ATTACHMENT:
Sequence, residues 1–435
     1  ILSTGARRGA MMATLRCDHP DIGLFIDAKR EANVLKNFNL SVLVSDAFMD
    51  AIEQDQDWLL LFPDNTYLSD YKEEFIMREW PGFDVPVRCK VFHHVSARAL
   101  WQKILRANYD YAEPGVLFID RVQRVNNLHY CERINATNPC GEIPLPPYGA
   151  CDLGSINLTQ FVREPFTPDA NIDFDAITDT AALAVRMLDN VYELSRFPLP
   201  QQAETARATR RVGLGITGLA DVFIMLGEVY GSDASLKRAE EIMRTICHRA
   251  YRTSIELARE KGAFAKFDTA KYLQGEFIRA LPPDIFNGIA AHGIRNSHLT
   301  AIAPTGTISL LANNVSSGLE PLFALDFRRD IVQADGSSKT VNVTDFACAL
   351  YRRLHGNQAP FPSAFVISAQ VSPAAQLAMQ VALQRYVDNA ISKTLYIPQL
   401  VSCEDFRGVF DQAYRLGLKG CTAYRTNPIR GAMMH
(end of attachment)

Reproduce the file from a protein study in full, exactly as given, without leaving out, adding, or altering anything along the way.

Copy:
Sequence, residues 1–435
     1  ILSTGARRGA MMATLRCDHP DIGLFIDAKR EANVLKNFNL SVLVSDAFMD
    51  AIEQDQDWLL LFPDNTYLSD YKEEFIMREW PGFDVPVRCK VFHHVSARAL
   101  WQKILRANYD YAEPGVLFID RVQRVNNLHY CERINATNPC GEIPLPPYGA
   151  CDLGSINLTQ FVREPFTPDA NIDFDAITDT AALAVRMLDN VYELSRFPLP
   201  QQAETARATR RVGLGITGLA DVFIMLGEVY GSDASLKRAE EIMRTICHRA
   251  YRTSIELARE KGAFAKFDTA KYLQGEFIRA LPPDIFNGIA AHGIRNSHLT
   301  AIAPTGTISL LANNVSSGLE PLFALDFRRD IVQADGSSKT VNVTDFACAL
   351  YRRLHGNQAP FPSAFVISAQ VSPAAQLAMQ VALQRYVDNA ISKTLYIPQL
   401  VSCEDFRGVF DQAYRLGLKG CTAYRTNPIR GAMMH